The Authenticated Transfer Protocol (AT Protocol or atproto) is a distributed social application framework that enables large-scale federation. It addresses some of the limitations and challenges associated with current social networking technologies and aims to offer better scalability, user choice, data portability, and more robust data security.
- Identity: Users in the AT Protocol are identified by domain names, which map to cryptographic URLs. This ensures security for the user's account and data.
- Data Repositories: User data is shared and managed in the form of signed data repositories, which can contain various records, including posts, comments, likes, and so forth.
- Federation: The protocol operates on a federated networking model to maintain usability and reliability. It uses standard web technologies like HTTP and WebSockets to synchronize data between servers.
- Interoperation: The AT Protocol uses a global schemas network known as Lexicon to enable interoperability across servers, allowing software from different organizations to understand each other's data without needing to exchange rendering code.
- Scaling and User Choice: The protocol's architecture includes Personal Data Servers (PDS) that host user data, manage identity, and facilitate interactions with other services. There are also Big Graph Services (BGS) that handle events like retrieving metrics, content discovery, and user search.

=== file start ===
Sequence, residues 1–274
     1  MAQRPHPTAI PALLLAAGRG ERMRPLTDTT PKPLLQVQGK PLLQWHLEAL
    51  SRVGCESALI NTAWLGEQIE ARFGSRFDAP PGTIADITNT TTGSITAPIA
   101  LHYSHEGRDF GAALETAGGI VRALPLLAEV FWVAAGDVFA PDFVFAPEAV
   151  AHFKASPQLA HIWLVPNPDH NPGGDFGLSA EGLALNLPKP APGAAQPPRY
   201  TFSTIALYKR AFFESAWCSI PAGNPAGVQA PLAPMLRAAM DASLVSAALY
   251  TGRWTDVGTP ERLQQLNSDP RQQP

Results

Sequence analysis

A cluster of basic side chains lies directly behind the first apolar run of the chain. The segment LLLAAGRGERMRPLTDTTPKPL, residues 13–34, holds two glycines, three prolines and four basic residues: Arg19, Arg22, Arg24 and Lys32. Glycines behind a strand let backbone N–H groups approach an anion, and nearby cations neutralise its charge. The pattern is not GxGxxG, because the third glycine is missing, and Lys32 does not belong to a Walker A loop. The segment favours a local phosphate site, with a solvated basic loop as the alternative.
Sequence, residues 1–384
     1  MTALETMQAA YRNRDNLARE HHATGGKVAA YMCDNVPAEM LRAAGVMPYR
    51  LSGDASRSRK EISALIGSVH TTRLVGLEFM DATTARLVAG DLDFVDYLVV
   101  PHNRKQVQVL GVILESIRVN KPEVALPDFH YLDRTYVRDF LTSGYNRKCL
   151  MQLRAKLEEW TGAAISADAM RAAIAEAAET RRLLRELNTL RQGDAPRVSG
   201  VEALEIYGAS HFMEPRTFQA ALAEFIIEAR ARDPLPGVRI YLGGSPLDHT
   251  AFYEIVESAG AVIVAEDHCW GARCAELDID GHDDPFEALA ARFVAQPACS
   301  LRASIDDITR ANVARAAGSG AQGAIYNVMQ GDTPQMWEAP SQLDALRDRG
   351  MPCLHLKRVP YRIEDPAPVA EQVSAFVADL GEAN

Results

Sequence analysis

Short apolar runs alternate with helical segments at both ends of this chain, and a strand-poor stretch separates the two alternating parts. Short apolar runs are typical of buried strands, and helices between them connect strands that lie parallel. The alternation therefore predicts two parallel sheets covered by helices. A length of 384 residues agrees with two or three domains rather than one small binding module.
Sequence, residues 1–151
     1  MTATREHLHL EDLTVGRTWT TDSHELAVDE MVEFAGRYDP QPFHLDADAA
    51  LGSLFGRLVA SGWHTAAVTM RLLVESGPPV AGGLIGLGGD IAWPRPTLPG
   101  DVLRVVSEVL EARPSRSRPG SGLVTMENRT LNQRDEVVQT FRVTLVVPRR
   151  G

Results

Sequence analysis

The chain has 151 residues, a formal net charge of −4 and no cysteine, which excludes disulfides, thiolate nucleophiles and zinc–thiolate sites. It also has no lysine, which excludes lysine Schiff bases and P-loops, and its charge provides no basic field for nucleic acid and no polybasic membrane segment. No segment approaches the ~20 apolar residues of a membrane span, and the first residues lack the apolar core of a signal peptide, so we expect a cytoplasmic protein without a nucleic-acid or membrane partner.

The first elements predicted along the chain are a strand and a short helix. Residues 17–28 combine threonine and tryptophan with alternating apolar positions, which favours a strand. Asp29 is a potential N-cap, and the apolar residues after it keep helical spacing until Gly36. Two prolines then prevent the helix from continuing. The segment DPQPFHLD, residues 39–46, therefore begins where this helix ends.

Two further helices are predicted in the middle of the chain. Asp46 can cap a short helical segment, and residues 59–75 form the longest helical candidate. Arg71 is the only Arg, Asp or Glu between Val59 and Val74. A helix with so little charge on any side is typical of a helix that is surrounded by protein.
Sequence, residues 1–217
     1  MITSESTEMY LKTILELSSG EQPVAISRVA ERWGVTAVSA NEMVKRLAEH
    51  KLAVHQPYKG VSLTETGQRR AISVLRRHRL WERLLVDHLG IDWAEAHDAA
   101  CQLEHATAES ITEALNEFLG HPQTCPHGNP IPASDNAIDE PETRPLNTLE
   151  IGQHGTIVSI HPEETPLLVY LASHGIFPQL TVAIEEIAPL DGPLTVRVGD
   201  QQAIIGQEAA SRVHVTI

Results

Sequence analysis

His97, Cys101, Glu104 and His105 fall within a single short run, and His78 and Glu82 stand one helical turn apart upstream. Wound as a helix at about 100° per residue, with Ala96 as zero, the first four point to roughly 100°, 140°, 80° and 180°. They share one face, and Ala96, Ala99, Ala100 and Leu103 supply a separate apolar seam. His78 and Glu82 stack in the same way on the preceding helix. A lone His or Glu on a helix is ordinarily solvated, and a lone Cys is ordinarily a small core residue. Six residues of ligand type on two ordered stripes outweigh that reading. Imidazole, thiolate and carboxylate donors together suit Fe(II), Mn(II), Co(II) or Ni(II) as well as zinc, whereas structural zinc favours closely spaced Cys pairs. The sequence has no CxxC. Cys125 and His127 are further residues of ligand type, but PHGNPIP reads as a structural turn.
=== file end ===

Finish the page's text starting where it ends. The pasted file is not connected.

- Algorithmic Choice: Users can select their aggregators, so they can choose how they interact with and discover content.
- Account Portability: The protocol assumes that any PDS can fail at any time; hence it has built-in features to ensure that users can move their account to a new PDS without needing the old server's help. This is achieved through the use of signed data repositories and DIDs, or Decentralized Identifiers, which are secure and independent.
- Speech, Reach, and Moderation: The protocol divides the concept of speech (content creation) and reach (content discovery) into separate layers. This allows for a flexible and scalable architecture that gives everyone a voice.
AT Protocol is not a blockchain nor uses blockchain technology. It's also different from existing solutions like ActivityPub due to a focus on portability and other unique design principles. The AT Protocol utilizes its formats like Lexicon and XRPC over alternatives like Resource Description Framework and JSON-LD due to better developer experience and usability. These tools are designed to make distributed systems development easier and more robust.